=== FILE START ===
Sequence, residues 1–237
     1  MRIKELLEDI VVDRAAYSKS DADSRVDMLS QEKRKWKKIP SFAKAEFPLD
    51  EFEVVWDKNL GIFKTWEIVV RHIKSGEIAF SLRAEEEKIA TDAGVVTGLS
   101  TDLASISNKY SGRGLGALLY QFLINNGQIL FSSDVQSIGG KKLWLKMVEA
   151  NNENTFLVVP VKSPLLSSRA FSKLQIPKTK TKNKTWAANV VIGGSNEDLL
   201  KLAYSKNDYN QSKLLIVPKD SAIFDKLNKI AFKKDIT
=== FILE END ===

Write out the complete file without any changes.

Sequence, residues 1–237
     1  MRIKELLEDI VVDRAAYSKS DADSRVDMLS QEKRKWKKIP SFAKAEFPLD
    51  EFEVVWDKNL GIFKTWEIVV RHIKSGEIAF SLRAEEEKIA TDAGVVTGLS
   101  TDLASISNKY SGRGLGALLY QFLINNGQIL FSSDVQSIGG KKLWLKMVEA
   151  NNENTFLVVP VKSPLLSSRA FSKLQIPKTK TKNKTWAANV VIGGSNEDLL
   201  KLAYSKNDYN QSKLLIVPKD SAIFDKLNKI AFKKDIT